- Government Linked Company, Malaysian Airlines has employed a number of private contractors at the expense of hundreds of long serving MAS employees. The union believes that the contracting out of their core activities cost MAS more than their regular employees.
12. Foreign Workers
Trade unions in the country have always been suspicious of Government’s motive for flooding the country with millions of foreign workers in the last 15 years.
Although Government says that foreign workers are needed to fulfill labour needs MTUC has repeatedly asserted that Government’s action is deliberately aimed to help major corporations to suppress wages and curb trade unions’ pressure for decent work.
The Immigration Department Enforcement Director, Datuk Ishak revealed that investors will not want unions to be formed in their establishments. Through outsourcing, it would be difficult for unions to be formed.
Government’s actions are clearly in breach of article 10 of the Malaysian Constitution and makes a mockery of the provisions of the Industrial Relations Act 1967.
In 1998, Government ratified the ILO Declarations on Fundamental Principles and Rights at Work: But their action seems to be in direct contradiction.
The new labour law amendments which came into force since February 2008 compels unions to organize foreign workers in order to secure union recognition but the Immigration Department continue to curb their right to join a union.
This again is seen as a conspiracy between Government and employers to deny union recognition and collective bargaining rights.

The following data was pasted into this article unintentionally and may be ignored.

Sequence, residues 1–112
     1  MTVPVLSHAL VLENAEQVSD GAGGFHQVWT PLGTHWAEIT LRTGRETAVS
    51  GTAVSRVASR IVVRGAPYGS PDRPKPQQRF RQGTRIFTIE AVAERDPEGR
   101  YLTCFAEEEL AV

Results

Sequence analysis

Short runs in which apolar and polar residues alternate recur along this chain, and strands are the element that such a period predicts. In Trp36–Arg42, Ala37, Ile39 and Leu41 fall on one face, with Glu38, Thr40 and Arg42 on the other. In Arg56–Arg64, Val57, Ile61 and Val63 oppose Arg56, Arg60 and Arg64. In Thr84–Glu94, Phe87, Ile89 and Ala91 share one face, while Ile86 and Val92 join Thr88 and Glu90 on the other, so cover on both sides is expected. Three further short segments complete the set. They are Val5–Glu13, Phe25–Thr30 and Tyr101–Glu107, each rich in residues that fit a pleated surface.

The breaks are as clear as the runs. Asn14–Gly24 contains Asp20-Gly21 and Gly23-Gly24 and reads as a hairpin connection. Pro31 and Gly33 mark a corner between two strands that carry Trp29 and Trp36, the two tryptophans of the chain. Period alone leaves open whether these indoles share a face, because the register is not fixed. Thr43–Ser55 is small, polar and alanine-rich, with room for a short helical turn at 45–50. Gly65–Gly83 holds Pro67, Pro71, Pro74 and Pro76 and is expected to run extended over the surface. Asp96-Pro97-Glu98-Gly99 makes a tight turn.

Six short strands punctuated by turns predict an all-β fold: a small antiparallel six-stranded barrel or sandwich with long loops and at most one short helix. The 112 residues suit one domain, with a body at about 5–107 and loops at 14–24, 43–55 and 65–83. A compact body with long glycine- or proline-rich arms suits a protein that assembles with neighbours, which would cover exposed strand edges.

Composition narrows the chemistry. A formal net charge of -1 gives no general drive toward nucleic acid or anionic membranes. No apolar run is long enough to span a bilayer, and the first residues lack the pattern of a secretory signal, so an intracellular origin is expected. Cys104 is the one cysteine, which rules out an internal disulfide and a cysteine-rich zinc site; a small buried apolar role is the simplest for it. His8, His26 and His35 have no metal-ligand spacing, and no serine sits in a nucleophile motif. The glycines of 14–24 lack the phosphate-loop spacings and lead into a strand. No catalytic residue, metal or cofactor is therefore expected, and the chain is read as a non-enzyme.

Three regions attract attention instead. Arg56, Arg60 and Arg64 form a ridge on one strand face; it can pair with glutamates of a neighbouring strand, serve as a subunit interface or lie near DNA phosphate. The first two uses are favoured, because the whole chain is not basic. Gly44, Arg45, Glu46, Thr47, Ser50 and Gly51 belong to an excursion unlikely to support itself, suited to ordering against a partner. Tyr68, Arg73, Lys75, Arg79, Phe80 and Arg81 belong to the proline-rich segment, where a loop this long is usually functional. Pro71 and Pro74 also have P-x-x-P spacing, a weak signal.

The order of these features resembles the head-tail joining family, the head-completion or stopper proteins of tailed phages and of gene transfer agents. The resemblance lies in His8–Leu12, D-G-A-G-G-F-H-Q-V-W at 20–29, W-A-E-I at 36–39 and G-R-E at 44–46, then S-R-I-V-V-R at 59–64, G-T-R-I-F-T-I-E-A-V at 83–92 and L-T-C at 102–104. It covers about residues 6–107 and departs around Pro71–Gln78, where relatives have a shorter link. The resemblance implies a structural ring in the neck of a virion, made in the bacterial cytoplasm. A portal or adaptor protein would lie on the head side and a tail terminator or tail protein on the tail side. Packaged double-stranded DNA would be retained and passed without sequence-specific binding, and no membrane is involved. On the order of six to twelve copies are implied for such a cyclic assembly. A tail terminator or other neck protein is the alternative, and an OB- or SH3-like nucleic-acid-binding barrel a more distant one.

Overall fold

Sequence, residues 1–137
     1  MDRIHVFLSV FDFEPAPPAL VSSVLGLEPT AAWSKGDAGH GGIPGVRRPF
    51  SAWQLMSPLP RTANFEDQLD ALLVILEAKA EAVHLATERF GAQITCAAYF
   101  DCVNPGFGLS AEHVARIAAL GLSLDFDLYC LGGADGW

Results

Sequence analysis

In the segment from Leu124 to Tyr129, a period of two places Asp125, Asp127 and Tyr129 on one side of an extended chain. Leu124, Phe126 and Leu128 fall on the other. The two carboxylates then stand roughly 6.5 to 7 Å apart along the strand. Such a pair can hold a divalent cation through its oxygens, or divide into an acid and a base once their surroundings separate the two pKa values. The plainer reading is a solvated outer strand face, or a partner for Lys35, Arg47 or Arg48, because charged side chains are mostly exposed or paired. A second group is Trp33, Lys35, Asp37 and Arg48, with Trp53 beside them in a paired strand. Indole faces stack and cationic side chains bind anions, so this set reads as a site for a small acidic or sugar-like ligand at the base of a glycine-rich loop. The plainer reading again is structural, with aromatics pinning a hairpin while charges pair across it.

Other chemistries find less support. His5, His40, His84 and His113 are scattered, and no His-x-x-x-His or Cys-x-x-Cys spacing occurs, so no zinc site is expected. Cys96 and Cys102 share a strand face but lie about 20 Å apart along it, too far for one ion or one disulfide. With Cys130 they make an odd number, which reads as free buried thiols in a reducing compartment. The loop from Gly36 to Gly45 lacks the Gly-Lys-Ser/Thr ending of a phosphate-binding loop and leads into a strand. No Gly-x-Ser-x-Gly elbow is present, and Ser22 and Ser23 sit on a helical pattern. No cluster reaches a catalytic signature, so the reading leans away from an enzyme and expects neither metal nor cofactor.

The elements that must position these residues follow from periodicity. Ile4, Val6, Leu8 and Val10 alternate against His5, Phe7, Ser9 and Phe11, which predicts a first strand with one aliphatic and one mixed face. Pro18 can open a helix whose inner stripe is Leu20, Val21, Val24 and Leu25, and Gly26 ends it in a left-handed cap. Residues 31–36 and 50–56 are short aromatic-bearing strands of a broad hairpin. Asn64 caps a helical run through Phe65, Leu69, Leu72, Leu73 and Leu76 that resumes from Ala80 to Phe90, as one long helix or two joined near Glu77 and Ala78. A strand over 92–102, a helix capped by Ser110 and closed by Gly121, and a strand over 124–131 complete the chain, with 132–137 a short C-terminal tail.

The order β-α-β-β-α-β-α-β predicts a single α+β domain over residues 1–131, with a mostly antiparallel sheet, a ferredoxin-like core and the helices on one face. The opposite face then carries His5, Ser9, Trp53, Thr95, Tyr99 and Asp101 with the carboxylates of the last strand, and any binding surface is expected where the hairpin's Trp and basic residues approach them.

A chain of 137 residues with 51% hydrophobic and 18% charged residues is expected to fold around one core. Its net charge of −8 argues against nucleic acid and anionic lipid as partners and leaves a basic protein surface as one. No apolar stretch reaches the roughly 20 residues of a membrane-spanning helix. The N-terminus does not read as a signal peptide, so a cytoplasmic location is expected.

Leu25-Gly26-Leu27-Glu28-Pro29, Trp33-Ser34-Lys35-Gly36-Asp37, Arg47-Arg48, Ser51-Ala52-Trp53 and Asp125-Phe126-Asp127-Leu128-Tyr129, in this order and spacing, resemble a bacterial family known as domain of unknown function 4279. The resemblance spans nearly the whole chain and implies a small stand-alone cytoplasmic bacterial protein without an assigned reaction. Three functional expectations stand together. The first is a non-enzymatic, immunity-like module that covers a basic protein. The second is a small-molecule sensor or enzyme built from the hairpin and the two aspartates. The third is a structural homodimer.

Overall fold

Strategies to Prevent Exploitation
We urge the Government to amend the Employment Act 1955 to:
- Provide for a minimum monthly salary of RM 900.00
- Require employers to obtain prior permission of the Director General of Labour before terminating employees on grounds of redundancy and or restructuring;
- Empower the director General of Labour to inquire into complaints of abuse of contract system and outsourcing to convert regular and permanent jobs to irregular and precarious work thus denying decent work; and
- Widen the scope to cover all employees including domestic workers;
Ministry of Human Resources (MOHR) should have a more prominent role:
Ø maintain a register of all employers who employ foreign workers and carry out statutory inspection on a regular basis in determining requirements and needs;
Ø in determining minimum wages
Ø and working conditions for all foreign workers including domestic helpers;
Ø to regulate and monitor all recruitments on government to government basis
Ø to ensure that the UN declaration on labour rights and workers rights under Article 8 of Malaysian Constitution are guaranteed.
Right to organize and Collective Bargaining
Ø and licenses of all recruiting agents should be abolished;
Ø until such time recruitment on a government to government basis is implemented all licenses for recruitment should not exceed one year and should be subject to renewal based on reports and recommendation of MOHR.
Right to organize and Collective Bargaining
The Trade Union Act 1959 should be amended to remove all legal restrictions and obstacles so that millions of workers in the country will be able to freely join a trade union and collectively bargain for better wages and working conditions.
It is now three years since the controversial amendments to the Industrial Relations Act 1967 came into effect. Contrary to our expectations, we have not witnessed any significant improvement in the time taken to resolve union recognition claims which is a pre-requisite for the right to collective bargaining.
Government should remove the ban on picketing during the pendency of recognition claim.